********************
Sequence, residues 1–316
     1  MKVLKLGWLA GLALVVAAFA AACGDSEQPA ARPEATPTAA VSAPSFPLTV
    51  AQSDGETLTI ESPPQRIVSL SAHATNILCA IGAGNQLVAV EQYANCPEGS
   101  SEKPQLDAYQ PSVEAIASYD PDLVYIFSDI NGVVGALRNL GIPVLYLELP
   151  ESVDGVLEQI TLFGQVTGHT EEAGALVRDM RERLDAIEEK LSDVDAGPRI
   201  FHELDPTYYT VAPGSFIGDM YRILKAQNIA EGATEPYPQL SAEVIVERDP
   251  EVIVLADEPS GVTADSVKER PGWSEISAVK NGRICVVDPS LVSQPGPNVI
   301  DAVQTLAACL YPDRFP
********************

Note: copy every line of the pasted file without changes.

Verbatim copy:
Sequence, residues 1–316
     1  MKVLKLGWLA GLALVVAAFA AACGDSEQPA ARPEATPTAA VSAPSFPLTV
    51  AQSDGETLTI ESPPQRIVSL SAHATNILCA IGAGNQLVAV EQYANCPEGS
   101  SEKPQLDAYQ PSVEAIASYD PDLVYIFSDI NGVVGALRNL GIPVLYLELP
   151  ESVDGVLEQI TLFGQVTGHT EEAGALVRDM RERLDAIEEK LSDVDAGPRI
   201  FHELDPTYYT VAPGSFIGDM YRILKAQNIA EGATEPYPQL SAEVIVERDP
   251  EVIVLADEPS GVTADSVKER PGWSEISAVK NGRICVVDPS LVSQPGPNVI
   301  DAVQTLAACL YPDRFP